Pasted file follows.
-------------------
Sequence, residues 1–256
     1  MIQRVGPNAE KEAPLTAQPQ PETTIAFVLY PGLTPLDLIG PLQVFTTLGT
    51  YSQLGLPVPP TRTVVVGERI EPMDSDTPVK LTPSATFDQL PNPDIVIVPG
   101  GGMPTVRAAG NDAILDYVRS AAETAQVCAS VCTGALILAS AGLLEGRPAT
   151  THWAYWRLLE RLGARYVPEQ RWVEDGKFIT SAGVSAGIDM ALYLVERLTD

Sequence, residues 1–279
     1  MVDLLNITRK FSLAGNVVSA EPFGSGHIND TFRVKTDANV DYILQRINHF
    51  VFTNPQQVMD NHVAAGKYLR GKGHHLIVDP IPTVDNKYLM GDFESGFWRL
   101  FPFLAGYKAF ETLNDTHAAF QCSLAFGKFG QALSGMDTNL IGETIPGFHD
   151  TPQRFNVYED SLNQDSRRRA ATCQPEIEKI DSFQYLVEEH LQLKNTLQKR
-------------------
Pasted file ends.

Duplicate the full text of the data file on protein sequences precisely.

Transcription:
Sequence, residues 1–256
     1  MIQRVGPNAE KEAPLTAQPQ PETTIAFVLY PGLTPLDLIG PLQVFTTLGT
    51  YSQLGLPVPP TRTVVVGERI EPMDSDTPVK LTPSATFDQL PNPDIVIVPG
   101  GGMPTVRAAG NDAILDYVRS AAETAQVCAS VCTGALILAS AGLLEGRPAT
   151  THWAYWRLLE RLGARYVPEQ RWVEDGKFIT SAGVSAGIDM ALYLVERLTD

Sequence, residues 1–279
     1  MVDLLNITRK FSLAGNVVSA EPFGSGHIND TFRVKTDANV DYILQRINHF
    51  VFTNPQQVMD NHVAAGKYLR GKGHHLIVDP IPTVDNKYLM GDFESGFWRL
   101  FPFLAGYKAF ETLNDTHAAF QCSLAFGKFG QALSGMDTNL IGETIPGFHD
   151  TPQRFNVYED SLNQDSRRRA ATCQPEIEKI DSFQYLVEEH LQLKNTLQKR